“So, what was it like?”
I’ve been asked this many times off the back of my first Rolex Sydney Hobart Yacht Race.
The start was unexpectedly quiet. Being inside the exclusion zone and one tier back from the supermaxis, helicopters and pursuing media boats I found surprisingly tranquil.
Our start was slow and sloppy in the light winds and chop at Sydney Heads, made worse by the powerboats heading back to the harbour with a convivial wave, unaware they’d stopped us dead in the water.
It was a relief to escape the washing machine; then there was just us and a few Clipper boats, and open ocean to Hobart.
I can’t say the experience was cold, hard or frightening given the ensuing three days brought warm following winds.
Being on a small ship meant it wasn’t wet like the TP52 crews and other planing boats had it. The only salt water on Kialoa ran down the gunwales as her 45-tonnes pushed out millions of litres of ocean and when the occasional random quarter wave slapped against the hull, sending a spray down the necks of those facing it.
There was that tiny drip through the hatch above my head in my cabin, but I didn’t think I should mention that in the midst of the bar stories describing walls of whitewater gushing over the decks then finding its way below by the bucket full, soaking living spaces and beds.
I couldn’t join in on the conversation about basic accommodation and food either.
There were plenty of warming cups of tea and coffee. Grant or ‘Grunter’ our cook served Devonshire tea and warm scones one afternoon, and the whipped cream had to be smothered quickly before it blew off the jam layer. Ah the perils of offshore racing. There were three homecooked hot meals a day, sugary super dooper ice blocks, homemade cookies, rumballs, a shot of Whisky passing Tasman Light, a roast pork dinner from scratch.
Below deck individual wooden draws held everyone’s clothes and personals and two of the three cabins featured an ensuite. That’s not to say we showered or changed clothes over the three and a half days, and the gastro that struck down a few of the ship’s crew did quarantine one of the three heads.
It’s not to say there weren’t bruises down the back of the legs or challenges sleeping as the boat constantly pitched and rolled, but for a first Hobart I’m well aware the degree of difficulty was low.
Some of the moments easily recalled are the dolphin escorts, seabirds, moonlight on the water, the funny stories at 1.30am on deck as my shift came to an end. I took note of the calm among the crew when the giant aluminium boom snapped during a gybe on the second day, and the analytical approach to tying it off safely then hoisting alternate cloth.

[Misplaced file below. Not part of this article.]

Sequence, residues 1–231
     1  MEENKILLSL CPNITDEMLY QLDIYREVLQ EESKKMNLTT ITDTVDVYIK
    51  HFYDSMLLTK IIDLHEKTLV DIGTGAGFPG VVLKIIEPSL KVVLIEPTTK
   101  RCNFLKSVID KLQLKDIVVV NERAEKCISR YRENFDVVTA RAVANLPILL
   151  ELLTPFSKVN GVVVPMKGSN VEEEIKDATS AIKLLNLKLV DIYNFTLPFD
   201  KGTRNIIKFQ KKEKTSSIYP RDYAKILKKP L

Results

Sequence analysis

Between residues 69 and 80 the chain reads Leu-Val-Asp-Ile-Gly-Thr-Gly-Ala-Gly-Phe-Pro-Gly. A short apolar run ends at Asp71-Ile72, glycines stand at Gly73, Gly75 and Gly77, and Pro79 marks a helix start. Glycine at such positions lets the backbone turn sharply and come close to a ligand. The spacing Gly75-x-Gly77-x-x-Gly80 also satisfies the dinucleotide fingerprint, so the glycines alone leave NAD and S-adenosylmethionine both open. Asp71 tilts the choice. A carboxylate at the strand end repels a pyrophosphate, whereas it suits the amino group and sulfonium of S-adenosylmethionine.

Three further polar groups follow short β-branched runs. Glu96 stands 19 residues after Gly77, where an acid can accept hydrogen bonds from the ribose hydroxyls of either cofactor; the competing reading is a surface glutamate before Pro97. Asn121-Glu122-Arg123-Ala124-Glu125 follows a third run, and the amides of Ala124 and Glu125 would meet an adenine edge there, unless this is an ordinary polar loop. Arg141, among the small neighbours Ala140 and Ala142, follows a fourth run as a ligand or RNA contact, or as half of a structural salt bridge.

Meanwhile the conversation in my head went something like this: ”Oh God we are going to Eden? I don’t want to go to Eden on my first Hobart. My bag’s in Hobart and Luke’s going to be in Hobart, and now how will I get there? I’m sure the crew hate me for taking photos at this moment.”
There was never a mention of retirement and the recovery was testament to the incredible seamanship aboard KII. While the breakage certainly hurt our finish time, the forecast never suited a weighty 1960s built displacement boat in terms of our overall result.
Coming across Storm Bay the old girl lit up. We had five sails straining, including the loose-footed mainsail and a 35-degree angle of heel on. A sunset finish with plenty of breeze in the Derwent River was a spectacular way to mark Kialoa II’s return to the bluewater classic the S&S 73 dominated back in ’71. And we were feeling pretty clever finishing well ahead of their course time.
Dallas Kilponen pics.
Following a mass de-fuzzing of moustaches marking the end of the crew’s Movember efforts it was off to quench a giant thirst and numb some of my pain having opened up my knee during a fall on deck at the finish. I’m sporting a scar to prove my race, and clumsiness.
I could have run tours on the hour over the next three days in Hobart, such was the interest in Kialoa II and sailing era it stands for. I stayed on the boat and became a sucker for those who came near enough and demonstrated they knew the tinniest thing about the sport, inviting them onboard to appreciate the beauty and craftmanship within.
‘Would you do it again?’ is the other question I’m asked a lot.
Based on my debut experience it would be hard to find a reason not to.
Video by Dallas Kilponen